Kamala Harris Is the Decider

With a 50–50 split in the Senate, Harris is poised to have final say over crucial decisions in the coming years.

Kamala Harris walking through the halls of Congress.
Al Drago / Bloomberg / Getty

Kamala Harris’s vice presidency was already shaping up to be a uniquely consequential one. Now Democratic control of the Senate has propelled her to the front of the political scene, where she’ll be breaking ties and giving President Joe Biden’s legislative agenda a chance at life.

Being part of the president’s deliberative process is already a major step for a vice president—before Walter Mondale, the office lacked any precedent or model for West Wing power-sharing. Now Biden and Harris may offer a vision of an even more empowered vice president, able to champion legislation herself, use her bully pulpit, and potentially break ties to protect her own policy priorities. No vice president has done all of that before, but Harris could.

An evenly split Senate is rare, but party leaders have worked out power-sharing agreements before to ensure smooth operations, most recently after the 2000 election. Tie-breaking votes are more common (vice presidents have cast them 268 times), and have happened more frequently in the past 20 years than they used to.

That uptick coincided with the emergence of the modern vice presidency, Joel Goldstein, a vice-presidential scholar, told me. Though originally considered a legislative officer, since Richard Nixon’s term, the vice president has served primarily as a member of the executive branch. Modern veeps rarely spend time in the Senate, except on ceremonial occasions.

The partisan makeup of the chamber also lends itself to more ties, Goldstein said: Former Vice President Dick Cheney cast most of his eight votes during his first term, when the Senate was either evenly split or closely divided. The closest the Senate ever got to a tie while Biden was vice president was from 2011 to 2013, with 53 Democrats and 47 Republicans—and he never cast a tie-breaking vote.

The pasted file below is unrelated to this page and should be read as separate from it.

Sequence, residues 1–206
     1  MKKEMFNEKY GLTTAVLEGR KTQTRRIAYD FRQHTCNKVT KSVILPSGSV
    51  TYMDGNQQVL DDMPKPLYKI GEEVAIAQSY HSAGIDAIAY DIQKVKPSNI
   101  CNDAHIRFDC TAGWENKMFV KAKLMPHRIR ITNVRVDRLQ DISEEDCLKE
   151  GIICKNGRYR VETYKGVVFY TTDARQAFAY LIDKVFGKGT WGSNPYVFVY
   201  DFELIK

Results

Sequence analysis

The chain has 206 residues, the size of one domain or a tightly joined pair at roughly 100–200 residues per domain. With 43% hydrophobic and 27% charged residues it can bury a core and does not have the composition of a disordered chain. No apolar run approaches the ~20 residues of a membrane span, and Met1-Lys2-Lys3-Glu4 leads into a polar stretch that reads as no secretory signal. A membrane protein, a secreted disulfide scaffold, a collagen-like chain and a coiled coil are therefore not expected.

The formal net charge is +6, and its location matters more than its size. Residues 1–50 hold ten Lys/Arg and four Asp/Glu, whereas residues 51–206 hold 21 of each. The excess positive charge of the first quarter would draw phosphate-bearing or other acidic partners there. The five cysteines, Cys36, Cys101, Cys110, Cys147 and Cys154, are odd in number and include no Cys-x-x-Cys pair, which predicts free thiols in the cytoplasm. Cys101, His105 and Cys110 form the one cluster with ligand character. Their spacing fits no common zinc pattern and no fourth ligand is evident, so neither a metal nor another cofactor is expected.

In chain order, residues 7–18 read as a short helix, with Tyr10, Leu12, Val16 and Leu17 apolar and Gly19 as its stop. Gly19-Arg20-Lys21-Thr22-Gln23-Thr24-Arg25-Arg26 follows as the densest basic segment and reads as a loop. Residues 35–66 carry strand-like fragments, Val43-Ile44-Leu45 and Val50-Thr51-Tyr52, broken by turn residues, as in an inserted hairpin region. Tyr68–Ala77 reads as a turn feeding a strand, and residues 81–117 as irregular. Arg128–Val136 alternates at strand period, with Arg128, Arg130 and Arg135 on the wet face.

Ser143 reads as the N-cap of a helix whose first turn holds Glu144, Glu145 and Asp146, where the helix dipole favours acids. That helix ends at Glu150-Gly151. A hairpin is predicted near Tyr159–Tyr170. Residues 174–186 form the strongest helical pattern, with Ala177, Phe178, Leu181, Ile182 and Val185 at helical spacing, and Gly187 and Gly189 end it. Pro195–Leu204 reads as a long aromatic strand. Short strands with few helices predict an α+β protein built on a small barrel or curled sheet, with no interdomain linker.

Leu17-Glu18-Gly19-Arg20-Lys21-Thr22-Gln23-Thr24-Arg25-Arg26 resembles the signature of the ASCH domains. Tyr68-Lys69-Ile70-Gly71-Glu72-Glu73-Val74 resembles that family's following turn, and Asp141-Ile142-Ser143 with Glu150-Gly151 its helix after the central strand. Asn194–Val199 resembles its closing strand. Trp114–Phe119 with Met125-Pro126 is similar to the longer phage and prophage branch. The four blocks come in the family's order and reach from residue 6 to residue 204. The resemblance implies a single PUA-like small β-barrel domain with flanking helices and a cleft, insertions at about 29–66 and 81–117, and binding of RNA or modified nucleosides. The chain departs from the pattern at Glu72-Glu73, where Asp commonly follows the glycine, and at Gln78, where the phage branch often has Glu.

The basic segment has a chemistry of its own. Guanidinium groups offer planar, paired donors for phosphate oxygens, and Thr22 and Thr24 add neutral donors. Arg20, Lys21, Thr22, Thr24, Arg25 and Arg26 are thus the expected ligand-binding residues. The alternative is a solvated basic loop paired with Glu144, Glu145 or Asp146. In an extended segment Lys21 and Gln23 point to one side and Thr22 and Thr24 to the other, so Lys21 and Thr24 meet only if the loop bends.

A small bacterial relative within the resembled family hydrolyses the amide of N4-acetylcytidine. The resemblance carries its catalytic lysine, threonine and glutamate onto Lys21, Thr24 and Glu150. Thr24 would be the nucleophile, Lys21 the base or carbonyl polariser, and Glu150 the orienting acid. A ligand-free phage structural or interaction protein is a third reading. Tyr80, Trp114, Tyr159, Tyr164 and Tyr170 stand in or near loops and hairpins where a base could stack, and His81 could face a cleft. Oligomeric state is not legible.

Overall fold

Ties are also more common because of the sorting of parties into homogenous ideological groups, Goldstein told me. “The Senate is more evenly split, and the fact that politics has become increasingly polarized” means that fewer senators are willing to cross party lines, and more contentious votes are taken. In addition, the slow rollback of the filibuster means that fewer actions require more than a simple majority—which a vice president can help achieve. Of the 13 ties Mike Pence had to break, half were to confirm Cabinet-level, judicial, or ambassadorial nominations—votes that vice presidents hadn’t had to cast before, because nominations were less disputed. That collection includes the votes to confirm Betsy DeVos as secretary of education in 2017 and Jonathan Allen Kobes as a federal circuit judge in 2018. In each case, increased partisanship set up the vice president to play a major role in advancing the administration’s goals.

Harris may have to break even more ties than Pence did—especially on Cabinet picks, coronavirus-relief bills, and electoral reforms, all of which are priorities for the Democrats, as my colleague Elaine Godfrey has reported. Harris may end up being the public face of these deliberations—unless relatively moderate senators such as Joe Manchin, Susan Collins, or Lisa Murkowski cross party lines.

Harris will be constrained by loyalty to Biden on these votes; television shows such as Veep and The West Wing have conjured images of rogue vice presidents turning on their governing partners for key votes, but that has rarely happened—only one vice president, John C. Calhoun, has broken a tie by voting against the president, dooming Andrew Jackson’s nomination of Martin Van Buren to be the ambassador to Great Britain. Calhoun, who chose not to break a tie on a different judicial nomination in order to stymie Jackson, also holds the record for most ties broken.

A vice president voting against a president’s wishes would have been more likely in the 18th and 19th century, Goldstein told me, because deputies weren’t always loyal to the president, either because they weren’t from the same party (like Adams and Jefferson) or because they weren’t in the president’s inner circle (like Kennedy and Johnson). Neither is true for Harris. She hopes to follow Biden’s example as vice president, a Harris aide told me, acting as a full governing partner rather than sticking to a limited set of portfolio issues. (The aide spoke on the condition of anonymity because she was not authorized to discuss administration matters on the record.)

And though vice presidents cast tie-breaking votes as representatives of the administration, they can still claim those votes as part of their political résumés: Should a new version of the CARES Act or the Voting Rights Act face a tie in the Senate, Harris could claim responsibility for its passage.

There is a downside to more tie-breaking votes: Harris will have to keep her calendar clear to actually cast those votes—and finicky congressional schedules might make that a nuisance. That logistical hurdle might complicate meetings abroad after the pandemic subsides. And there’s also a potential new problem: If Chief Justice John Roberts opts out of presiding over the second impeachment trial of Donald Trump, Harris, as the Senate’s presiding officer, could occupy another visible, though vexing, spot in the chamber she just left. But the choice would be hers.